It Looks As Though The United States Will Be Sending Special Forces Into Syria:
“Barack Obama has ordered up to 50 special operations troops to northern Syria, a senior administration official told the Guardian on Friday, in an apparent breach of his promise not to put US ‘boots on the ground’ to fight Islamic State militants in the country. The Pentagon has also been ‘consulting’ with Iraqi prime minister Haider al-Abadi to establish a special operations task force, with an unspecified number of US forces aiming ‘to further enhance [US] ability to target Isil leaders and networks’ across the Syria border in Iraq. The forces will be supported by an additional deployment of A-10 ‘Warthog’ attack aircraft and F-15 jets to Nato’s Incirlik base in Turkey, in what amounts to a major escalation of US forces in the region.”
This announcement is certainly of a piece with a trend towards increased American involvement in the region. It was recently announced that more troops would be going to Iraq, to participate in “direct action on the ground” against ISIS. And, of course, this comes in the wake of the revelation that American forces would be staying in Afghanistan until, at least, 2017. The escalation may be incremental, for now, but it certainly represents a reversal of administration policies in past years. That alone is troubling, but there is another angle to consider: Russia.
Russia has become heavily involved in Syria, with the pretense of striking ISIS forces. That pretense does not quite align with reality. Russian air strikes have been rather indiscriminate. Up to a third of the casualties have been civilians. And the combatants who have been targeted? They are not limited to ISIS fighters. Some have been members of the more “moderate” Free Syrian Army. Russia’s intentions seem to be less about simply going after ISIS and more about going after all forces fighting against the regime of Bashar al-Assad. Some of the more moderate forces are exactly the ones that US special forces will be working with in an effort to combat ISIS. And that could potentially put the United States and Russia on a collision course.
On 10/29, Press Secretary John Ernest spoke at length about Syria, specifically in the context of Russia, and sounded some rather harsh notes:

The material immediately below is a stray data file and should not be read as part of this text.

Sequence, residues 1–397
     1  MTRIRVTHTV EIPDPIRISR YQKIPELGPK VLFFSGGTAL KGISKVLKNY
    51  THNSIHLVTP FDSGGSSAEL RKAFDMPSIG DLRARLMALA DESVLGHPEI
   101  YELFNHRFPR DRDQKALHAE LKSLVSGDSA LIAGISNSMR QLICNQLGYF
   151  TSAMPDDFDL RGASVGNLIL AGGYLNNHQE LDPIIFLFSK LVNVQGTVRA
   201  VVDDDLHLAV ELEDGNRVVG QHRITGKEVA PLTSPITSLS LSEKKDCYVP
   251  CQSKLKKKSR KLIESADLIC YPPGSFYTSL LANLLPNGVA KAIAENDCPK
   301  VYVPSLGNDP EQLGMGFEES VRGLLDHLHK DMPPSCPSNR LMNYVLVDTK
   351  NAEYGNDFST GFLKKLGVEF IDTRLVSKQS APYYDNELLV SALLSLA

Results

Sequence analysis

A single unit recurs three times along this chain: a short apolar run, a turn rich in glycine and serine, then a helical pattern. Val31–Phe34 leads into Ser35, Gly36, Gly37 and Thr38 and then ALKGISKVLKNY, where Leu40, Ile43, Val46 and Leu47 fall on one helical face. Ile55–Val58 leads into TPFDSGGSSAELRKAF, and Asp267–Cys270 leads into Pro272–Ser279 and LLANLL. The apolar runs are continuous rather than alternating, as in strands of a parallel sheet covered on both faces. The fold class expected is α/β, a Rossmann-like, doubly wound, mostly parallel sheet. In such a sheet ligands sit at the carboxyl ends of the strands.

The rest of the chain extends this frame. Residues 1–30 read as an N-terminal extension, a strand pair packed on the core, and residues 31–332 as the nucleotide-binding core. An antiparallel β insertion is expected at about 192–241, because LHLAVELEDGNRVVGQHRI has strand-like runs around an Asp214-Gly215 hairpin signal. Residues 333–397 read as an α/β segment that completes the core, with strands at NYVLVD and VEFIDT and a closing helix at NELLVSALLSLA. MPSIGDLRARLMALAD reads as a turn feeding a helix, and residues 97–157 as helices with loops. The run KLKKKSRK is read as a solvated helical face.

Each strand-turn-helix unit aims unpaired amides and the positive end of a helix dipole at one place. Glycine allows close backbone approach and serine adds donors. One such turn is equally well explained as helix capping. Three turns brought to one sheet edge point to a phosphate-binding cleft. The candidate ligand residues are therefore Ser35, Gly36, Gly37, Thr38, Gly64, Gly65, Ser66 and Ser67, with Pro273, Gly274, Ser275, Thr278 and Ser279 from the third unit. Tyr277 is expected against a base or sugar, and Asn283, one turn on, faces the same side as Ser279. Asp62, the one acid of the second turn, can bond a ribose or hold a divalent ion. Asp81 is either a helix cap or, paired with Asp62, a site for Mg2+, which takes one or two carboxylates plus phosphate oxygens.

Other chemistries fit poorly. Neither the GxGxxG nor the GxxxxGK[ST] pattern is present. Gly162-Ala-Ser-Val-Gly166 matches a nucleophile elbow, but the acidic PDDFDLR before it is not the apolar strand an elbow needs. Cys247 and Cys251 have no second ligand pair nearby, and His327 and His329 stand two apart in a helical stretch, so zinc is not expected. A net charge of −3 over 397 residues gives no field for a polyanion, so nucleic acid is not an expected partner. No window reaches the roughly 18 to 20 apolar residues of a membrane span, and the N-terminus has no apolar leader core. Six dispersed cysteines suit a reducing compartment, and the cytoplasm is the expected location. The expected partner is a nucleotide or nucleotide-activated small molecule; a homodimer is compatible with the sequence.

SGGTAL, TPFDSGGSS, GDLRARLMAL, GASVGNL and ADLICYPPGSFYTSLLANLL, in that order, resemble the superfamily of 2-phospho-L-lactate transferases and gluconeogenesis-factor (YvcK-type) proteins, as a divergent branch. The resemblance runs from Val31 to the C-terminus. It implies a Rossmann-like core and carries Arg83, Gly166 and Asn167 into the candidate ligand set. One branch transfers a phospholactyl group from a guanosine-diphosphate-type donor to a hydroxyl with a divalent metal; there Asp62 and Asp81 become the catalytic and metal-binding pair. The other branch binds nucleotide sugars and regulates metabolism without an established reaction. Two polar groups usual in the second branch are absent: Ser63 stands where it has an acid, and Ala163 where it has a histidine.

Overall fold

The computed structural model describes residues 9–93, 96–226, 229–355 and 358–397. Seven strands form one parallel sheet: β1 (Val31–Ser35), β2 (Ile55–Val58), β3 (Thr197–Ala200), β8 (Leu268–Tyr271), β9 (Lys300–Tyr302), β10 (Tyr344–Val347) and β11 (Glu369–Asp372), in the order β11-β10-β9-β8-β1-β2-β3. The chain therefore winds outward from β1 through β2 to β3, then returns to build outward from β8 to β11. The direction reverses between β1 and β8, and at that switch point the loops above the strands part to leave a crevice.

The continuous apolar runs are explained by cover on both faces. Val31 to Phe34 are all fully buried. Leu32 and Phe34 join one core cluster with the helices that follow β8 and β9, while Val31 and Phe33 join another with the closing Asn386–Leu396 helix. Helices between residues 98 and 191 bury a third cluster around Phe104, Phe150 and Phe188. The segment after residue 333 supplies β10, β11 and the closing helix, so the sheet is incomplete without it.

“What does reflect a change between our two countries is the increasing international isolation of the Russians, the further deterioration of the Russian economy. And I think the question for the Russians is going to be, can they contribute to a political effort to try to resolve the situation inside of Syria. Right now their military actions inside of Syria put that political settlement further out of reach. And the question is, is Russia prepared to adjust their strategy and be more constructive. And this is something that Secretary — this is a proposition that Secretary Kerry is testing in Vienna right now.”
Ernest was emphatic though, despite all the belligerent rhetoric directed at Russia, that Syria would not become a proxy war. Nope.
“But ultimately, the President has also been quite clear that the situation in Syria is not going to turn into another proxy war, or a proxy war between the United States and Russia; that this is not akin to other Cold War conflicts that we saw several decades ago.”
Starting A Proxy War In Syria Is A Rather Awful Idea.
I suppose we should feel comforted by Ernest’s assurances. I mean, Russia is deteriorating and their actions in Syria and the Ukraine are at odds with the policies of the United States and its allies, but there is totally not going to be any kind of proxy war. We promise. I must confess that I find these assurances to be rather less than convincing. The situation in Syria is best described by a word beginning with “cluster” and ending with “fuck.” There are dozens of factions fighting against the Assad regime, including both ISIS and the al-Queda linked al-Nusra Front. Against these groups stand the Syrian Army, the Iranian backed Hezbollah, Iranian troops, and now Russia. Introducing American forces into the mix is a recipe for disaster. This isn’t a two-sided conflict — there are literally dozens of sides to the fighting. And, given Russia’s indiscriminate bombing campaign, the possibility that US “advisors” could be targeted, intentionally or not, is very real.
And this all comes at a time when tensions with Russia have risen to a level not seen since the Cold War. NATO is considering increasing the number of troops stationed at borders with Russia. Russian military aircraft have violated Turkish airspace and veered perilously close to US forces in the Sea of Japan. The Ukraine remains a mess. Given all that, introducing a new potential flash point seems to be, at the very best, reckless, and at worst a recipe for, yes, a proxy war. All the assurances from the administration that such an event will simply not happen ring a bit hollow when considered in light of the chaos on the ground in Syria.
Is a proxy war in Syria inevitable? No. Do American troops in Syria increase the risk of a proxy war? Undeniably. This is a terrible idea.